Conventional wisdom says you can tell the quality of a diamond by its color, cut, clarity and carat weight. Well, your dog doesn't poop diamonds, however his stool's characteristics can provide you a wealth of information about his health if you take the time to look. In the case of your pup's poop, color, shape, consistency, size and content are indicators of what's going on inside.
Generally, a dog's stool is a chocolate-brown color, however it may vary a bit depending on his diet. If the color of his poop is a bit different than normal, it could be from a variety of causes. A change in diet can cause a change in color, especially if he ate something with artificial dyes in the food. Health conditions also will prompt a change in stool color. Yellowish-orange or tan poop can indicate liver problems; greasy, gray color hints of inadequate digestion; black, tarry poop is often associated with intestinal bleeding higher in the gastrointestinal tract.
Ideally, your dog's poop should be shaped like a log. If he's passing small balls or pebble-shaped stool, it's an indication he's not properly hydrated. It may be a simple matter of your dog not drinking enough water one particular day, or it may be a sign of kidney disease -- he can't drink enough to hydrate himself. If his poop has no form, but is instead a liquid, he has diarrhea.
When you pick up after your pup, you'll get a chance to learn about his poop's consistency. Ideally, it should be dough-like, holding its shape when you put it in it's poop bag. It should leave behind no trace on the grass. If it's very firm -- difficult to squish -- it may indicate constipation. If there's no picking up that poop, but instead you're scraping it off the ground because it's like soft-serve ice cream, he likely has some gastrointestinal upset. Tummy trouble can be from something as simple as eating something he shouldn't have or he may have an infection, parasites or food intolerance.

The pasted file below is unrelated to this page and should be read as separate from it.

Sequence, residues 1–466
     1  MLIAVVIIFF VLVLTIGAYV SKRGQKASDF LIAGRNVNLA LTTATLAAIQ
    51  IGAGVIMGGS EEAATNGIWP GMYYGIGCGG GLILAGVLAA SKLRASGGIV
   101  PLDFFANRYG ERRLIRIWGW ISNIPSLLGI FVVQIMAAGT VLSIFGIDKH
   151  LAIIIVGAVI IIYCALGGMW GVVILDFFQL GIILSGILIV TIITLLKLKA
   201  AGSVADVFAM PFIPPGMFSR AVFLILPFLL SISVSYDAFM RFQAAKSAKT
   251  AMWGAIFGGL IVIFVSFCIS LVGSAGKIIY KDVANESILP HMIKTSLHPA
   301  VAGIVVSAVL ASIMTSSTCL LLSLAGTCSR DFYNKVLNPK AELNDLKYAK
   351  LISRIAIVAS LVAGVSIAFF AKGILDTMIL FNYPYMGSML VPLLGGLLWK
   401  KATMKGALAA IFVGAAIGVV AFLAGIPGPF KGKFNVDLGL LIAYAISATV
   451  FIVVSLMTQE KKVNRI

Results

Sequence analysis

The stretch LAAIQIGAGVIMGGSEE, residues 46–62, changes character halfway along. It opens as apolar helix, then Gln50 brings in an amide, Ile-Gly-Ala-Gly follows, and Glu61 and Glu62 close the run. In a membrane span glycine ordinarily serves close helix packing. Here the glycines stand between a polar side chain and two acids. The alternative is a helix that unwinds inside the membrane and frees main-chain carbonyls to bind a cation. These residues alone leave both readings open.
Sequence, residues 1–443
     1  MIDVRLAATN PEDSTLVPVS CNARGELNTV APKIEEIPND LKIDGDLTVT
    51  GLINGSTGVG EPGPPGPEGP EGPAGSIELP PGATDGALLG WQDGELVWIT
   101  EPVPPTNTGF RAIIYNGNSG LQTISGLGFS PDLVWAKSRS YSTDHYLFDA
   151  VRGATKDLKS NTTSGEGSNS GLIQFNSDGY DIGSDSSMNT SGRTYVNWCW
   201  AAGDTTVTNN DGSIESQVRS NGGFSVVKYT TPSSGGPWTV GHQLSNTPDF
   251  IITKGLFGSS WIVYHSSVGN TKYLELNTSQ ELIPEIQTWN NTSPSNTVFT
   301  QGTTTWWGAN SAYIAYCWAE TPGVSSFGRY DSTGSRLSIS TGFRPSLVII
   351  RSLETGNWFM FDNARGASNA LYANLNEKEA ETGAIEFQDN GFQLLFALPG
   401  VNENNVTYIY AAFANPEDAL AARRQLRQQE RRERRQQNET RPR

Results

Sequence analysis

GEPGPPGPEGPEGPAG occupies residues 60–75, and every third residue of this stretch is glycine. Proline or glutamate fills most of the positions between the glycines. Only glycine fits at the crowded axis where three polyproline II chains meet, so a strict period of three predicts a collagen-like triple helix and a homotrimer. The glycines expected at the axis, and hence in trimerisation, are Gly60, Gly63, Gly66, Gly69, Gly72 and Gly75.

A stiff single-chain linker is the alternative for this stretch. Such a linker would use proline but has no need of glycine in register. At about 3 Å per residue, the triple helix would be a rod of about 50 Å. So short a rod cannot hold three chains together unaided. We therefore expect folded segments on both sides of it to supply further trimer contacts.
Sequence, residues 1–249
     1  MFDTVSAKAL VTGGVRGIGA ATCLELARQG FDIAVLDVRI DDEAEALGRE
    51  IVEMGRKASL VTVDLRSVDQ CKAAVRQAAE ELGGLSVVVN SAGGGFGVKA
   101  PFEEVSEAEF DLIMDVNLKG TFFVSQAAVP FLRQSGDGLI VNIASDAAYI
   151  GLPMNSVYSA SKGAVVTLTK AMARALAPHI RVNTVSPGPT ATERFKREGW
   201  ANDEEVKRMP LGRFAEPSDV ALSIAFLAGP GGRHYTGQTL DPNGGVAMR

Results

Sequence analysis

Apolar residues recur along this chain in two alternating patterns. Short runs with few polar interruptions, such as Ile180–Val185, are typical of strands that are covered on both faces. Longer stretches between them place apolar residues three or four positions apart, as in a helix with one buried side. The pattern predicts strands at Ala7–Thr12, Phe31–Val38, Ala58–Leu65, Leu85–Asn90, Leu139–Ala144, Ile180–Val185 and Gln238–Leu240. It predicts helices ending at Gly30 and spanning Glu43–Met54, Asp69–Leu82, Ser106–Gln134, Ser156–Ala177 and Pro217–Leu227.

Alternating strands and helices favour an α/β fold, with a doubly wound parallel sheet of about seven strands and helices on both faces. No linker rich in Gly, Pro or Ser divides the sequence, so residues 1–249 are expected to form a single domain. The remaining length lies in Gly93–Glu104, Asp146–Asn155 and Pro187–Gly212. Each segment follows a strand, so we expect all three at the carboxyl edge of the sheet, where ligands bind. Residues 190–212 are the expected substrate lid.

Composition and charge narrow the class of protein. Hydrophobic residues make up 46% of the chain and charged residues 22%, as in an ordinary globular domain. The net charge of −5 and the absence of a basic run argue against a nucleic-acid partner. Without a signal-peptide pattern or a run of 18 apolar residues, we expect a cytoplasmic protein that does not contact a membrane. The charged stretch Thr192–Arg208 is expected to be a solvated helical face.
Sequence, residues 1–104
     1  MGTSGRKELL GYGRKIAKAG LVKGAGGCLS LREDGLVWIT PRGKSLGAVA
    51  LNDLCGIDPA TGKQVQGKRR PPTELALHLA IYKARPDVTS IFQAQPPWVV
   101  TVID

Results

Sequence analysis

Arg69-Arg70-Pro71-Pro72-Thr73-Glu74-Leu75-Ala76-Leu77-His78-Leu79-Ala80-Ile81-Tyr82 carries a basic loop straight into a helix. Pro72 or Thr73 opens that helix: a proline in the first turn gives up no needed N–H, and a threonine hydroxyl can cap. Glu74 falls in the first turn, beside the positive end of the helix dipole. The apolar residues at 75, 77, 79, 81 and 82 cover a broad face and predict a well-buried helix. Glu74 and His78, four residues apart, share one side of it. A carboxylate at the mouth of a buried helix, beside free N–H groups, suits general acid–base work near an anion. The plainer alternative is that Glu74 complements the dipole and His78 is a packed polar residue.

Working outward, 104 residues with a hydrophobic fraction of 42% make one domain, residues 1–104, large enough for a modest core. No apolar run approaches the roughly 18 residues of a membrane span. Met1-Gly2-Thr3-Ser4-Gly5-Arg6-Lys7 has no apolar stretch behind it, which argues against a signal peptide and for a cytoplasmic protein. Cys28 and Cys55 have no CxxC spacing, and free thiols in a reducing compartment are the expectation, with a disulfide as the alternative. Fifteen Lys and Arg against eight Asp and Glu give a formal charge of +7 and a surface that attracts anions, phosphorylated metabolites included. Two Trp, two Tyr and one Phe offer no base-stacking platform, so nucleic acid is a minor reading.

Size is Relative
If your dog's a big guy, he'll be leaving big calling cards. If he's a petite pup, his poop will be too. Sometimes the volume may change, and your dog may poop more than normal, which may indicate he's not digesting his food as well as he should. On the other side of the coin, a small amount of stool indicates he may not be eating as much as he should, is constipated or may have a partial obstruction. If he's not pooping at all, he may be constipated or obstructed.
Your dog's poop shouldn't be like a box of Cracker Jacks -- you don't want any surprises inside. If it has streaks of bright red blood or mucus on it, he may have some inflammation in his colon. Pasta-like noodles indicate roundworms and bits of food -- such as rice or carrots -- signal he's not digesting his food well. Grass hints he grazed a bit to ease an upset stomach.
To the Vet With a Sample
Just because something's afoul with your dog's stool doesn't mean he's sick. Generally, a change from his normal healthy deposit doesn't mean much. However, if it lasts for more than a couple of episodes, he should see his vet. A word of caution: An immediate trip to the vet is in order if your dog passes green stool, which may indicate an encounter with rat poison, or a large amount of bloody, watery diarrhea, which can indicate hemorrhagic gastroenteritis. Otherwise, pay attention to your dog's behavior to see how he's feeling. If his appetite is healthy and he's in good spirits, a strange poop here and there is OK if it's not a regular happening. If your vet includes a stool sample as part of your dog's routine vet checks, it will help keep on top of parasites.
Always check with your veterinarian before changing your pet’s diet, medication, or physical activity routines. This information is not a substitute for a vet’s opinion.